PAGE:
Sunday, February 26, 2012

I really need to stop calling this a race

That was probably my most frequently spoken sentence of the weekend.  I mean, technically the Kortelopet is a race, and plenty of people are racing it just as seriously as I race triathlon... but is it really a race if you're not even sure how to ski properly?  After racing competitively for so long, it was nice to do this event just for fun.  S's and G's, as we said.  It's a strange feeling to just go out at the start of the race at a relaxed pace, but a good feeling.  I had no pressure, no competitive aspirations and could just enjoy myself the whole time.  I just kept calling it a race out of habit...

As the "race" got closer I was asked by a lot of people what I thought I might be able to do for a time.  Fair question, except I've never been timed on skis, never tried to go fast, and really had no clue.  I'm quite fit from my other training, but if you've ever seen a runner try to swim for the first time, you know that being generally fit really doesn't necessarily matter at all.  I didn't know how hard I could push myself in a sport I haven't been taught how to do by anyone other than myself or trained for (ok, I got out twice this year, once for 20 whole minutes)  Actually, there were lot of things that I wasn't quite sure about, which became more obvious as the weekend progressed.  The most important being:

1. How long the race actually was
2. Where Hayward actually was
3. How to wax my skis
4. How to XC ski uphill
5. How to XC ski downhill

Trying to wax my skis 15 minutes before I started.
Cheapest wax kit I could find and I have no idea if I did it right.

As for the length of the race, in my mind I thought of it kinda like a half marathon.  Although now I realize that the times only equate in fast runners vs fast skiers... the drop-off in skiing is way higher than in any half marathon due to the technique component.  Thinking of it as a half marathon on skis was fine up until I got the the 20k point in the race... so how far do I still have to go?  At that point it makes a big difference if you have 1k, 3k or 5k left.  Turns out it was 23k, and when the trail though the woods spit us out into the open finish area, it caught me off guard with way too much energy left.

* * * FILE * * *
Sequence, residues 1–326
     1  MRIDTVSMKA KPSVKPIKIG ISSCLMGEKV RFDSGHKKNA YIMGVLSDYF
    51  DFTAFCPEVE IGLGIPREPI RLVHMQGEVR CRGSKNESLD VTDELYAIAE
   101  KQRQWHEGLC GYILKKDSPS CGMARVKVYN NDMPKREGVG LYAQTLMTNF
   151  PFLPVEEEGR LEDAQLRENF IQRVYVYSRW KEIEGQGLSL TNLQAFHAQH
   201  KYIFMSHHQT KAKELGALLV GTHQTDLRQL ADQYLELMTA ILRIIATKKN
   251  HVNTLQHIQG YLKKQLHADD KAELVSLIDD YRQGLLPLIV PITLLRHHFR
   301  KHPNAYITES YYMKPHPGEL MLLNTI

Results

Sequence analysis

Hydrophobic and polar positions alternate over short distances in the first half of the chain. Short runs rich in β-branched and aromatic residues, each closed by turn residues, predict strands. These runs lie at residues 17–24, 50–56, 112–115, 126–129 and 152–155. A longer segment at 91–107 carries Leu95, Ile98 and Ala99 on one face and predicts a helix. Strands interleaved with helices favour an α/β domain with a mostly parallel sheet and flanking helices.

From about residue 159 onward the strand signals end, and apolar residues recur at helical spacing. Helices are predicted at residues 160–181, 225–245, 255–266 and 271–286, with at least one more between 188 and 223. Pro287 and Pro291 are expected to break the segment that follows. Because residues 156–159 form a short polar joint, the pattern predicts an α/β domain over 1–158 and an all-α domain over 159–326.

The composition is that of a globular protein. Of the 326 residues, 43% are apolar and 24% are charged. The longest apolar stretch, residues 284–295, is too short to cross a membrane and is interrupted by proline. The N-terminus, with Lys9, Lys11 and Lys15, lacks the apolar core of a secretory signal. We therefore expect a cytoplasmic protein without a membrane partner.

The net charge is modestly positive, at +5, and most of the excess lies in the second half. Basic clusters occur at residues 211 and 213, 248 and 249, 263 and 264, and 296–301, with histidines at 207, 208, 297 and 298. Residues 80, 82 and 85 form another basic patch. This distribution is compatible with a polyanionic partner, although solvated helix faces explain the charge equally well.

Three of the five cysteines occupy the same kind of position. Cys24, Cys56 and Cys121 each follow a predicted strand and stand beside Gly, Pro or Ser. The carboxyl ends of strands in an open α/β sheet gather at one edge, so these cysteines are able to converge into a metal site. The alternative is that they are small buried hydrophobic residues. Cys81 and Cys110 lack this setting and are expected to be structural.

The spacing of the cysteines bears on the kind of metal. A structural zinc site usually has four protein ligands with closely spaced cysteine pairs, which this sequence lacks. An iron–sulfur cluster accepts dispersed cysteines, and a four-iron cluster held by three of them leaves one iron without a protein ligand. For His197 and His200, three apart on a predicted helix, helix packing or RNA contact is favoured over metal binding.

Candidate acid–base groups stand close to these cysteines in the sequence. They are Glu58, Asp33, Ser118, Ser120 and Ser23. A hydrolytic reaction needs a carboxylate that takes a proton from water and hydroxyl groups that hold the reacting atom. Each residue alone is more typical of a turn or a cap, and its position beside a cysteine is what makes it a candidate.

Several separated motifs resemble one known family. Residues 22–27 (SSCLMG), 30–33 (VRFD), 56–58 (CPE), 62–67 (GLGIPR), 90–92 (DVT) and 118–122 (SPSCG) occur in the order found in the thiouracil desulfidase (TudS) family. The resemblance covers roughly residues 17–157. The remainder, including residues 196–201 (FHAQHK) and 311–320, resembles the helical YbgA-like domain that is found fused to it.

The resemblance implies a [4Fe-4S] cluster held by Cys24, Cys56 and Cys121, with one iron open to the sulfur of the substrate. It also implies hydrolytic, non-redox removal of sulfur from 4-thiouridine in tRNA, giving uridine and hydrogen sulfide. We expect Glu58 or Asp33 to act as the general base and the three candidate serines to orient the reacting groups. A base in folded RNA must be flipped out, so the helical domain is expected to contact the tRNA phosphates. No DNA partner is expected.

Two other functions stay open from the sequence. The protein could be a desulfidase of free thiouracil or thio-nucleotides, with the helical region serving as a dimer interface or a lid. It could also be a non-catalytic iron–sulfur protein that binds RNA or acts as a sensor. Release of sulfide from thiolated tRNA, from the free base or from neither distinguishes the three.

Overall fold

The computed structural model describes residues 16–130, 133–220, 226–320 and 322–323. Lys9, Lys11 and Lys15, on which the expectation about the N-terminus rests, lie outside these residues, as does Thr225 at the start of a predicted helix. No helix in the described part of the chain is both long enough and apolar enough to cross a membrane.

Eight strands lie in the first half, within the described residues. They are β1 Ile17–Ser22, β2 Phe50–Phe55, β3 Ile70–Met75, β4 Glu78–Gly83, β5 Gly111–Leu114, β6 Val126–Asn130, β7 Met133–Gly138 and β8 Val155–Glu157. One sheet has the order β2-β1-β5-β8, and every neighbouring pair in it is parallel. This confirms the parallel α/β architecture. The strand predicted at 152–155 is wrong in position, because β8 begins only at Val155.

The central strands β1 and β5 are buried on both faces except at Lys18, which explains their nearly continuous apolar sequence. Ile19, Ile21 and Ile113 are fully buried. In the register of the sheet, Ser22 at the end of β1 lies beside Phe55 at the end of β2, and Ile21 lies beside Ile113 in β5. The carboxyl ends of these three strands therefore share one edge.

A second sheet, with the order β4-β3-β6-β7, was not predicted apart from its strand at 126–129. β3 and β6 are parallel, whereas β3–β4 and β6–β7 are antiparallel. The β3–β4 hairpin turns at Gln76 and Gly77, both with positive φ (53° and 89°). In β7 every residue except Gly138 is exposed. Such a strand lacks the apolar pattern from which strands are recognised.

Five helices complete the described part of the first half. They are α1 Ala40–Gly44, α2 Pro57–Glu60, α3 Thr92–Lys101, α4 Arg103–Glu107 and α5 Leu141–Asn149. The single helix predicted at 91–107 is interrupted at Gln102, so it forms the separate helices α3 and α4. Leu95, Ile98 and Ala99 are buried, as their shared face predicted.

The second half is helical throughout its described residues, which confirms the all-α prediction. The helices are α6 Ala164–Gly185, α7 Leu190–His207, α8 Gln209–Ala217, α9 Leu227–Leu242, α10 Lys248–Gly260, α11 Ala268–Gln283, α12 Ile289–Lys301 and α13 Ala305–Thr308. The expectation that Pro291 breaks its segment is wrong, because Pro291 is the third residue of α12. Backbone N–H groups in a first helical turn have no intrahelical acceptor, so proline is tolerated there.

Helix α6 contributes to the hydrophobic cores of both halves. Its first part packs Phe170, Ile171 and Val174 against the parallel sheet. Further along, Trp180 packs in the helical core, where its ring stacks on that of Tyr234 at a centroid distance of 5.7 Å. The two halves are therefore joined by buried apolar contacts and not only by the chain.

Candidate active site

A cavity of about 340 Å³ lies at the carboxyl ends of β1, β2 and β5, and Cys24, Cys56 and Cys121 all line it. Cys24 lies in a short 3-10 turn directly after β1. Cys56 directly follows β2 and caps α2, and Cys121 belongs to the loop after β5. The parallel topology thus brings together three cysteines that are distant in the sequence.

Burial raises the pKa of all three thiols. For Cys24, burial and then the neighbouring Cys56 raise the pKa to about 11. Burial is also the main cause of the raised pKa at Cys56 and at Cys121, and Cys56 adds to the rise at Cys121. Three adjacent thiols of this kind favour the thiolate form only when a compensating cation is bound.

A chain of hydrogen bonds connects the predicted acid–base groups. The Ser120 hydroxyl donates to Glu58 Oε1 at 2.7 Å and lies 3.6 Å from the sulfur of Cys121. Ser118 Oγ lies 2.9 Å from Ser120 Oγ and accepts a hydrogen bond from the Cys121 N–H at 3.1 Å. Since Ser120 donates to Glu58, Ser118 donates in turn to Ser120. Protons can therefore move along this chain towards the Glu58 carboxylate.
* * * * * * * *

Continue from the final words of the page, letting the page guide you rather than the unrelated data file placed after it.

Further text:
Did you know that Hayward, WI is a 6hr drive from Madison?  I do now.  I knew we were going north and I wasn't in charge of directions, so keeping in line with the theme of the weekend (unprepared) I didn't look at a map.  Turns out we were going deep into the northwoods where some of my friends in school would go for deer hunting, trips to their cabin etc but that somehow I had managed to avoid this whole time.  It was a neat experience... our group of 7 triathletes that went up together stayed at Michael Lee's cabin. This definitely enhanced the overall fun factor of the weekend vs staying in some hotel.  We also drove by the Namekagon River, which is cool because it's the only other time I've seen that name except for when I look at the street sign on the road I grew up on.

Our "family photo" at Michael's cabin, including Camping Bear

I mentioned that I skied twice this year.  That brings my lifetime total up to 5 times going back to last February.  This was helpful, and definitely better than putting on my skis for the first time ever this weekend (more on that later), but the places I ski at in Madison are very flat.  The Birkie trail is not.  At all.  I could've probably walked up some of the hills faster than I did with skis on, and all I can say about the downhills is thankfully I did a lot of downhill skiing for fun in middle school.  However not having metal edges and different bindings that lift up in the heel on the XC skis makes it different enough that my overall stability on descents is not really good.  My number one goal for the weekend, above finishing, was don't get injured.  I accomplished this goal and actually didn't crash once.